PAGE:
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Long-term efficacy of a tele-health intervention for acute coronary syndrome patients with depression: 12-month results of the MoodCare randomized controlled trial

Citation

O'Neil, A and Taylor, B and Hare, DL and Sanderson, K and Cyril, S and Venugopal, K and Chan, B and Atherton, JJ and Hawkes, A and Walters, DL and Oldenburg, B, and on behalf of the MoodCare Investigator Team, Long-term efficacy of a tele-health intervention for acute coronary syndrome patients with depression: 12-month results of the MoodCare randomized controlled trial, European Journal of Preventive Cardiology pp. 1-10. ISSN 2047-4881 (2014) [Refereed Article]

Copyright Statement

Copyright 2014 Sage Publications

DOI: doi:10.1177/2047487314547655

Abstract

BACKGROUND: Depression is common after a cardiac event; however it often remains untreated. Previously, we reported the efficacy and feasibility of a 6-month tele-health programme (MoodCare), which integrates depression management into a cardiovascular disease (CVD) risk reduction programme for Acute Coronary Syndrome (ACS) patients with low mood. Here, we evaluate the long-term efficacy of the programme at 12-month follow-up.

DESIGN: A two-arm, parallel, randomized design to compare the long-term effects of 'MoodCare' (n = 61) to usual care (UC) (n = 60) at 12 months.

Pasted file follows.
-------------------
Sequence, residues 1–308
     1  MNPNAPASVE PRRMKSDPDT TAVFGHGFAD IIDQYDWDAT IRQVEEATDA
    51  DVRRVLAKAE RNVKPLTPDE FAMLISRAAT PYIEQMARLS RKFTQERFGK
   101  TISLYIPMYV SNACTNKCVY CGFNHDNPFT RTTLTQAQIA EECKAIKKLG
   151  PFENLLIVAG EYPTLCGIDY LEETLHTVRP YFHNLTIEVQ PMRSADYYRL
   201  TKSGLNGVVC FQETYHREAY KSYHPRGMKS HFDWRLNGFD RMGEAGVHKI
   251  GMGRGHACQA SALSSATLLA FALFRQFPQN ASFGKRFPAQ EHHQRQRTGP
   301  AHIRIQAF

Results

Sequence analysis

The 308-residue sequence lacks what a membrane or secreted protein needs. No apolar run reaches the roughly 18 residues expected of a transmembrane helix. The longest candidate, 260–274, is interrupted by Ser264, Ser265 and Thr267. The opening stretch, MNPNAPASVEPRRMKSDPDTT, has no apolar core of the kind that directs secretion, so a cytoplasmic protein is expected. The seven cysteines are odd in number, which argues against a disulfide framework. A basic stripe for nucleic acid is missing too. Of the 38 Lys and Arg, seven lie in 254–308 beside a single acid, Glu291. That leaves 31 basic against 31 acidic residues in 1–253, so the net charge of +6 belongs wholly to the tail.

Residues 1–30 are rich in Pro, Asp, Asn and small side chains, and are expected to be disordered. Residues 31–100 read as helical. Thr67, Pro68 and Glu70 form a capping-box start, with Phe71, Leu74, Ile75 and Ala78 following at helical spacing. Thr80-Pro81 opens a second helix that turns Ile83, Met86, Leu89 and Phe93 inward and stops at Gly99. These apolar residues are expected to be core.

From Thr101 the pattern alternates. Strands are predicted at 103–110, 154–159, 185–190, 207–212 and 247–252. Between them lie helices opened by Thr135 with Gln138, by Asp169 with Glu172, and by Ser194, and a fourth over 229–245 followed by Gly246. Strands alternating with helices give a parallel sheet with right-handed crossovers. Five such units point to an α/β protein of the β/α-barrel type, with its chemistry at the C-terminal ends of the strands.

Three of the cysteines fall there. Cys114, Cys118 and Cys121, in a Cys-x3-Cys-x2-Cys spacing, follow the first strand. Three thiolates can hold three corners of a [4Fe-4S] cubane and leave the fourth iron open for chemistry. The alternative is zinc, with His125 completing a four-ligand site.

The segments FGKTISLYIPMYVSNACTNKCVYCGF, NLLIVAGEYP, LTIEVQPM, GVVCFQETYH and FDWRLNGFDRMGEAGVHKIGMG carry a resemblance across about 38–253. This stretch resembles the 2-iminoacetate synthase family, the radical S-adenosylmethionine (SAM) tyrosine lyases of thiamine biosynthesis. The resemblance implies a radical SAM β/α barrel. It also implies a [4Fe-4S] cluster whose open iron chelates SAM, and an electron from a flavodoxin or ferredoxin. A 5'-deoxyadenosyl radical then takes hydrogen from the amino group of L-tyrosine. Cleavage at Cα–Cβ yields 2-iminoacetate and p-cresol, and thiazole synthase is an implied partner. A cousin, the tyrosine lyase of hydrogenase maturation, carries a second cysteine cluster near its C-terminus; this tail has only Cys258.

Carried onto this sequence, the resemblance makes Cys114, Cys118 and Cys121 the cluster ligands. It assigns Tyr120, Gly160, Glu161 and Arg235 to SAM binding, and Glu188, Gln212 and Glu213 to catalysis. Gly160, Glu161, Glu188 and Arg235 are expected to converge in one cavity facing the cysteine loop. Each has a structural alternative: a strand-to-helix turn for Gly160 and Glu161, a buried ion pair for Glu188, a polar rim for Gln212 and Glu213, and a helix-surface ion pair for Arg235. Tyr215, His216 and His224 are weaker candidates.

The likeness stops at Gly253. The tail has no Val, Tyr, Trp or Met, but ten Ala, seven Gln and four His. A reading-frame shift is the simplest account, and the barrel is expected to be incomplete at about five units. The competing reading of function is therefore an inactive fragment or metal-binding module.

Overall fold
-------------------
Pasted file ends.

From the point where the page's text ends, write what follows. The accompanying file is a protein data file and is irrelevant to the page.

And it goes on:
METHOD: 121 ACS patients recruited from six hospitals in Victoria and Brisbane, Australia were randomized to a telephone-delivered cognitive behavioural therapy and risk-reduction programme or usual medical care. Mixed-model repeated measurements (MMRM) analysis was applied with results expressed as estimated marginal mean changes in depression and health-related quality of life (HRQOL) outcomes by group.

RESULTS: After 12 months, treatment effects were observed for those with major depressive disorder (MDD) for PHQ-9 depression (MoodCare: mean score: 6.5; 95% CI: 4.9-8.0 versus UC: 9.3; 95% CI: 7.7-10.9, p = 0.012)) and SF-12 mental health scores (MoodCare: 42.5; 95% CI: 39.8-45.2 versus UC: 36.8; 95% CI: 34.1-39.6, p = 0.005). No beneficial treatment effects were observed in those with no MDD at baseline.

CONCLUSION: After 12 months, MoodCare was superior to UC for improving mental health outcomes for those with a clinical diagnosis of major depression. Our findings support the implementation of depression-based interventions for cardiac patients with a clinical diagnosis of depression and provide evidence of longer term efficacy to one year.

Item Details

Item Type:Refereed Article
Keywords:Depression; acute coronary syndrome; cardiac; cognitive behaviour therapy; tele-health
Research Division:Medical and Health Sciences
Research Group:Clinical Sciences
Research Field:Psychiatry (incl. Psychotherapy)
Objective Division:Health
Objective Group:Public Health (excl. Specific Population Health)
Objective Field:Mental Health
Author:Sanderson, K (Associate Professor Kristy Sanderson)
ID Code:94742
Year Published:2014
Deposited By:Menzies Institute for Medical Research
Deposited On:2014-09-16
Last Modified:2015-02-11
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